Eggers describes trying to entertain his younger brother, "a campaign of distraction and revisionist history," while their older sister attempts to get them to admit their grief. The best indication of why is a brief moment when Eggers is playing "dad" to his brother's "son." Eggers does some of their father's old jokes and gags. It becomes clear that humor is the lingua franca of this family, and that to stay within the comic is his way to mourn. (He seems unable to do that in any direct way.)
There are creative limits to where "funny" can go by itself, of course, as Jerry Seinfeld acknowledged when he decided to end his show. The cheap shot flattens experience. But comedy can be heartbreaking and depressing, hostile and aggressive, or ridiculous and wondrous. Even if it's a sublimation, Eggers's humor has depth and shadow and obviously serious intentions.
The book recalled to mind a moment from the last days of my father's illness. My father, a former Air Force man, was scared and living in a morphine hallucination in a hospital room, grizzled and gaunt. He whispered to my mother and me that the three of us needed to go out the window. Why? In order to fly the hell out of there. When he tried to extricate his IV, his doctors tethered him to the bed. Desperation seeping through his fantasy, he asked me to untie him. I declined, and he directed a spew of obscenities my way. I started shaking so hard, the nurse told my mother that maybe I should leave the room.
The way I relayed this incident to my 15- and 16-year-old girl peers was within a joke they could relate to:
DAD: Come over here and untie me. We are going to fly away.
ME: No way!
DAD: Get over here this minute young lady and do as I tell you.
ME: You can't tell me what to do!
This version of events was not particularly funny, but the response it elicited was a knowing laughter rather than "oh, the horror." For a dozen years afterward, I remembered only the joke. A few months ago, I was watching an episode of South Park in which Stan's grandfather repeatedly tries to force him to assist in his suicide. The memory of the original incident came tumbling out, perfectly preserved after being hidden for so many years, never told straight. Humor can be a nervous response to not knowing how to handle something, or an envelope in which to hand someone anger, sadness, joy or any combination of these. With Eggers, as it had with me, it seems to be both at once.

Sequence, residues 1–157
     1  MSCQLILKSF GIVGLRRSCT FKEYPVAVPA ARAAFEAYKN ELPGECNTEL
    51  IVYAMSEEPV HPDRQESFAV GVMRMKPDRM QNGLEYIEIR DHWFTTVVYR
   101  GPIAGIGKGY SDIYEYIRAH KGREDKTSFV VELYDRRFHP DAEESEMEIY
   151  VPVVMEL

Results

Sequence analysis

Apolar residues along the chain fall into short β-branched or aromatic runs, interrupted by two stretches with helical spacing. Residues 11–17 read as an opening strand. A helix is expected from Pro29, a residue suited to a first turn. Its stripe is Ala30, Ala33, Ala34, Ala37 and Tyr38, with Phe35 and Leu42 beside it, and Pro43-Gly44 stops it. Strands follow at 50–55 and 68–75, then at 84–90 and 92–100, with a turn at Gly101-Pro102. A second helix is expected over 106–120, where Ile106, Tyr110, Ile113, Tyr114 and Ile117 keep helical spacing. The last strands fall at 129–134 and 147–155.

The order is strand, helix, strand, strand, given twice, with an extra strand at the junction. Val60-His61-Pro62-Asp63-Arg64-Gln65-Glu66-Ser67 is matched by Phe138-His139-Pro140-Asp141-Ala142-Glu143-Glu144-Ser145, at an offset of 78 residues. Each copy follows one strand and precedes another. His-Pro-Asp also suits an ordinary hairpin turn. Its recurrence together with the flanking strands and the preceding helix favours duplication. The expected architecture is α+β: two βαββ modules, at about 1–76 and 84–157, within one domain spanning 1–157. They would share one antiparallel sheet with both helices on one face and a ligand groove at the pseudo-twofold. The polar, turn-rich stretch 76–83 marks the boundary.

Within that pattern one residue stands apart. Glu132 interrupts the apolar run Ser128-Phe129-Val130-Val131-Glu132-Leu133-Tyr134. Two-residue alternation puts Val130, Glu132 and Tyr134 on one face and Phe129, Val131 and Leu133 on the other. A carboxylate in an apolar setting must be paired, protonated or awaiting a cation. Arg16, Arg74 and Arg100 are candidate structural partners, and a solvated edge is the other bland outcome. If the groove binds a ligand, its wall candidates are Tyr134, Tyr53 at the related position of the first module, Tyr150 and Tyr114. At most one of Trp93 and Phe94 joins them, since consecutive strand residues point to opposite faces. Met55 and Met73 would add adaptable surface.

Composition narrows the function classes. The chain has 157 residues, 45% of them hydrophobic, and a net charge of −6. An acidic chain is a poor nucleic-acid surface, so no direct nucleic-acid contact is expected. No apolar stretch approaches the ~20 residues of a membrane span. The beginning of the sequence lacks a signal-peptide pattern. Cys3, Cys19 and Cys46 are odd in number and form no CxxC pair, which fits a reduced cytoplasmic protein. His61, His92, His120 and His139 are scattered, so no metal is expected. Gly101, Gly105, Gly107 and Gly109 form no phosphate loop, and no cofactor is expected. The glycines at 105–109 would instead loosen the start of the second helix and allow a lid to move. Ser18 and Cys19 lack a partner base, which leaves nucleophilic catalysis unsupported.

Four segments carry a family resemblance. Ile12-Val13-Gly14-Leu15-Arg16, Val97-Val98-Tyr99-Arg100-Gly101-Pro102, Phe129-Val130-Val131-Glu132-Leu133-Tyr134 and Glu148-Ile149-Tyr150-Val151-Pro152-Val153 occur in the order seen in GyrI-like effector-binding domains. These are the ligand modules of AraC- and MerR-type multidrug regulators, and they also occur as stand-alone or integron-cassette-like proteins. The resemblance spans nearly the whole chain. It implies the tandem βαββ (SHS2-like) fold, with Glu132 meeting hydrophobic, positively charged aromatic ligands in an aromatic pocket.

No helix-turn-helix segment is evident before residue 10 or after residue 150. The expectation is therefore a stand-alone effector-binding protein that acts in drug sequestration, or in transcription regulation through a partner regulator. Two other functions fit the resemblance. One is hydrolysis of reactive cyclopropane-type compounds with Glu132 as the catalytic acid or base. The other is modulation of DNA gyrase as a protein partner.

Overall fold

Even Eggers's most straightforward, moving passages are shown to be trompe l'oeil. And yet they are true anyway. He pairs every single oratorical flourish with withering self-critique. He stages several fictional interviews in which his younger brother accuses him of having false motives: He exaggerates his friendship with others with tragic stories and falsely romanticizes his sense of parental responsibility in order to paper over the revenge and self-satisfaction he thereby exacts. He manages to trump his own father, who was an irresponsible and mendacious alcoholic.
There is a tradition in Western opera (The Marriage of Figaro is the best example) of counterbalancing lofty and lowly. A noble couple who expound upon the romantic ideal is paired against two servants who discuss bodily functions and emotional fickleness. These are, of course, two parts of a very important whole that every pair of lovers experiences. Eggers expertly plays his own grandiosity against his own buffoonery. He is his own straight man and his own punch line.
In A Heartbreaking Work of Staggering Genius, conviction and doubt, depth and humor, are placed side by side. Each is a style, and each is true and false at once. Eggers won't let the reader make the choice between them--we don't know where he really falls. The result is exhausting and frustrating, but trustworthy.